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GE cuts 12K power jobs as demand, renewables, skew market

| Thursday, Dec. 7, 2017, 9:27 a.m.
This June 24, 2014, file photo, shows the General Electric logo at a plant in Belfort, France. On Thursday, Dec. 7, 2017, GE said it will cut 12,000 jobs in its power division as alternative energy supplants demand for coal and other fossil fuels. (AP Photo/Thibault Camus, File)
This June 24, 2014, file photo, shows the General Electric logo at a plant in Belfort, France. On Thursday, Dec. 7, 2017, GE said it will cut 12,000 jobs in its power division as alternative energy supplants demand for coal and other fossil fuels. (AP Photo/Thibault Camus, File)

BOSTON — General Electric Co. will cut 12,000 jobs in its power division as alternative energy supplants demand for coal and other fossil fuels.

The company said Thursday that the cuts to both office and production jobs, will help “right-size” GE Power, as traditional power markets, and the volume of the fuels that power them, decline.

The job cuts will mostly be outside the U.S. and will comprise approximately 18 percent of the power unit's workforce. GE would not say where workers would be effected, but the power distribution network in Europe has seen significant disruption as demand there wanes. Last month, industrial conglomerate Siemens announced plans to cut about 6,900 jobs worldwide at its power, gas and drives divisions, half of them in Germany.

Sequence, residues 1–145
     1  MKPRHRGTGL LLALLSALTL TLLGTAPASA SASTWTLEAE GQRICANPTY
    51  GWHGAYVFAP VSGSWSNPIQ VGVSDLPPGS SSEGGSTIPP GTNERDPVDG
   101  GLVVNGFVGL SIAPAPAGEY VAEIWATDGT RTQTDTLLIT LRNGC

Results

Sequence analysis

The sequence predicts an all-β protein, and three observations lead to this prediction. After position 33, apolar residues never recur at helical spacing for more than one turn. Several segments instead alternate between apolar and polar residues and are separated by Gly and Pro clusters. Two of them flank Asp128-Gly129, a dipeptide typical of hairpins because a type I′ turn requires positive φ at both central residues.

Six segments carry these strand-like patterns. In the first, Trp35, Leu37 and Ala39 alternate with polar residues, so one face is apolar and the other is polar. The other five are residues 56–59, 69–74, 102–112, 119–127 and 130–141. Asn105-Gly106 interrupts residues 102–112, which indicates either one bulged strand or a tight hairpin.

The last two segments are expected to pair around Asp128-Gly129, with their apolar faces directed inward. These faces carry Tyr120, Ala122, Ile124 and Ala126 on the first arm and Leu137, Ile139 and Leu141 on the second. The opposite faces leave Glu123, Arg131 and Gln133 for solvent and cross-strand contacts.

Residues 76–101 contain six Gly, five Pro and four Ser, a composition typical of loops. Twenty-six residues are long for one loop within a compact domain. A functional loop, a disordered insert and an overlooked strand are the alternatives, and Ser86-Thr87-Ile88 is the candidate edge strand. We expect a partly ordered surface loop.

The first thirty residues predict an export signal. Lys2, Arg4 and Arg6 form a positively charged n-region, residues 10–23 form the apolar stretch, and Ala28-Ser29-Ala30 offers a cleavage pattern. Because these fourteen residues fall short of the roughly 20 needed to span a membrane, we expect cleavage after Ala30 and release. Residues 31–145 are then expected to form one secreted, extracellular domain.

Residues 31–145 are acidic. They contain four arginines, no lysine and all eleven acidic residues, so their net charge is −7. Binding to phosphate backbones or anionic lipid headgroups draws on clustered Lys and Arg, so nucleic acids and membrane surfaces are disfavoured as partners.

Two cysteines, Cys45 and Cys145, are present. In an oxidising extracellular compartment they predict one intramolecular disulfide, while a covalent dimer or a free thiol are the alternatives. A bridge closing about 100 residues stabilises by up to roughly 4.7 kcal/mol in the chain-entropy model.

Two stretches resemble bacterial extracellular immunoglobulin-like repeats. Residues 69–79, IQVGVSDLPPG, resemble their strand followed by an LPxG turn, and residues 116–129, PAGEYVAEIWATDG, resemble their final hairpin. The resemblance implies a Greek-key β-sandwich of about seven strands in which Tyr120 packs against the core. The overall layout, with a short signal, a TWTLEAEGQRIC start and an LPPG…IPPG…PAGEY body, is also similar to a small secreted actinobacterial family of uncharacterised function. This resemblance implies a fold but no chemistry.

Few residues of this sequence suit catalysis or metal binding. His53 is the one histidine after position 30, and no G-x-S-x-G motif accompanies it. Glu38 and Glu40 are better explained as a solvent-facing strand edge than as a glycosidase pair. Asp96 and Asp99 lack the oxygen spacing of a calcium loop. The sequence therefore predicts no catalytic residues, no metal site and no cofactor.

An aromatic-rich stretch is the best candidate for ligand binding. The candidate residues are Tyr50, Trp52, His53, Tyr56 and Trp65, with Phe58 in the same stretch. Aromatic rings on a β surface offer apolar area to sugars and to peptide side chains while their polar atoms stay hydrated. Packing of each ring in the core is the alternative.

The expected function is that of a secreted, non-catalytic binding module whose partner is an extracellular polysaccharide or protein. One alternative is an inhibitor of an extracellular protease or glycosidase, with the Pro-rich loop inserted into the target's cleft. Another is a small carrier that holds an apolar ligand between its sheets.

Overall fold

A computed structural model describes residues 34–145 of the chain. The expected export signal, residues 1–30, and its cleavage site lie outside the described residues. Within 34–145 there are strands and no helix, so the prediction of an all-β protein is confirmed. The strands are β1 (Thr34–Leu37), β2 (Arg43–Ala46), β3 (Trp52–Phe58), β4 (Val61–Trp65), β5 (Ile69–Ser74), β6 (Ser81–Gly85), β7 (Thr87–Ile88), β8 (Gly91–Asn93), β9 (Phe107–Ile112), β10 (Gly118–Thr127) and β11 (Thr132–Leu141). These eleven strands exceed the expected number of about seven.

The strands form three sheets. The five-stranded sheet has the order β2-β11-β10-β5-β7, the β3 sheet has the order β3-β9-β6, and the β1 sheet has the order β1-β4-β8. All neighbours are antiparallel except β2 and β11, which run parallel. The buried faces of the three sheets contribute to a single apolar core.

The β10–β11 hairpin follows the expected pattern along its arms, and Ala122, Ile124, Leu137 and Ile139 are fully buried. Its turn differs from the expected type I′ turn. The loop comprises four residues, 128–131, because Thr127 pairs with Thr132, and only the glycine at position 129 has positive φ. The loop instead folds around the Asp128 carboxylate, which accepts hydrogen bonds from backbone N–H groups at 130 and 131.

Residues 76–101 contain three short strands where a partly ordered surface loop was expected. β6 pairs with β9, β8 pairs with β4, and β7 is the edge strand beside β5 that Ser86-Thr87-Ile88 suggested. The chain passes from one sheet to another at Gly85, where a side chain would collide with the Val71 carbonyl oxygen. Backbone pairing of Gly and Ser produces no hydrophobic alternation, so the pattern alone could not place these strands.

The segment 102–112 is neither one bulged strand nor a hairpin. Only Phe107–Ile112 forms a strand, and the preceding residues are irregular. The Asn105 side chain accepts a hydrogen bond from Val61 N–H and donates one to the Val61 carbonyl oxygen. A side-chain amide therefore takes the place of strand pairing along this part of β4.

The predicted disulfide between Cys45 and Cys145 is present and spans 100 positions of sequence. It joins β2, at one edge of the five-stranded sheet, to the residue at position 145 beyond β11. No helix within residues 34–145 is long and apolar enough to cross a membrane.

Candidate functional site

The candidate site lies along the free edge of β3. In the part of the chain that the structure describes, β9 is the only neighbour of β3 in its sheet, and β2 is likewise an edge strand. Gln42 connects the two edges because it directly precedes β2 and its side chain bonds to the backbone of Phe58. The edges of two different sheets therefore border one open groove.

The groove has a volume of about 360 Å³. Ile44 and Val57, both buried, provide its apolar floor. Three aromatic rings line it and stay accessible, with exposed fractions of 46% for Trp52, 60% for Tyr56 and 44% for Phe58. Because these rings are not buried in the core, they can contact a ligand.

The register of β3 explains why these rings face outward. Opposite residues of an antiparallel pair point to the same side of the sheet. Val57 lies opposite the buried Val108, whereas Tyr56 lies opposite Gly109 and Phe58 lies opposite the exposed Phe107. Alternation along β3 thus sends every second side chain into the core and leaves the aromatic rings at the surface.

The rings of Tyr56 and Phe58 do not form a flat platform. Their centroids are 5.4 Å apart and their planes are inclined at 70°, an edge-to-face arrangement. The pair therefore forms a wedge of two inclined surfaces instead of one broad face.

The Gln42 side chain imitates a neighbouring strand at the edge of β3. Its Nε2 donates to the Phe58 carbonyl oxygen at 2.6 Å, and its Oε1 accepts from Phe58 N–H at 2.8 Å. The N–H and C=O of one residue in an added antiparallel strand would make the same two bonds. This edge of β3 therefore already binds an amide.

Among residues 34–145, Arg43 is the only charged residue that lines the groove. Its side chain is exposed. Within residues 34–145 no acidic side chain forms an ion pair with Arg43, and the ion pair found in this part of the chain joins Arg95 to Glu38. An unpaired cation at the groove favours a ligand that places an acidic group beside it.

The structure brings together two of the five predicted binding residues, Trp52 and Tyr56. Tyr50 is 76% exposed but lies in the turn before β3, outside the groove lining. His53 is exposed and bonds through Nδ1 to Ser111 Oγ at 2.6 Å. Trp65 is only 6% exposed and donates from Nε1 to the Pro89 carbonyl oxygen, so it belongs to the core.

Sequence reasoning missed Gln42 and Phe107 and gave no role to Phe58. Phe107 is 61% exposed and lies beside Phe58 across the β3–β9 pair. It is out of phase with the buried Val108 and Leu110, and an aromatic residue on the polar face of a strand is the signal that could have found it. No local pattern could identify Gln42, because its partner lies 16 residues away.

GE said that reducing the number of positions, along with actions previously taken this year, will help GE Power trim costs by $1 billion in 2018. GE is looking to reduce overall structural costs by $3.5 billion in 2017 and 2018.

“This decision was painful but necessary for GE Power to respond to the disruption in the power market, which is driving significantly lower volumes in products and services,” Russell Stokes, CEO of GE Power, said in a prepared statement.

GE announced in November that it was slashing its dividend in half and that the conglomerate would narrow its focus to three key sectors — aviation, health care and energy. The company has said it will shed assets worth more than $20 billion in the next couple of years. It's been paring businesses for over a decade now.

GE's stock rose slightly before the market open.

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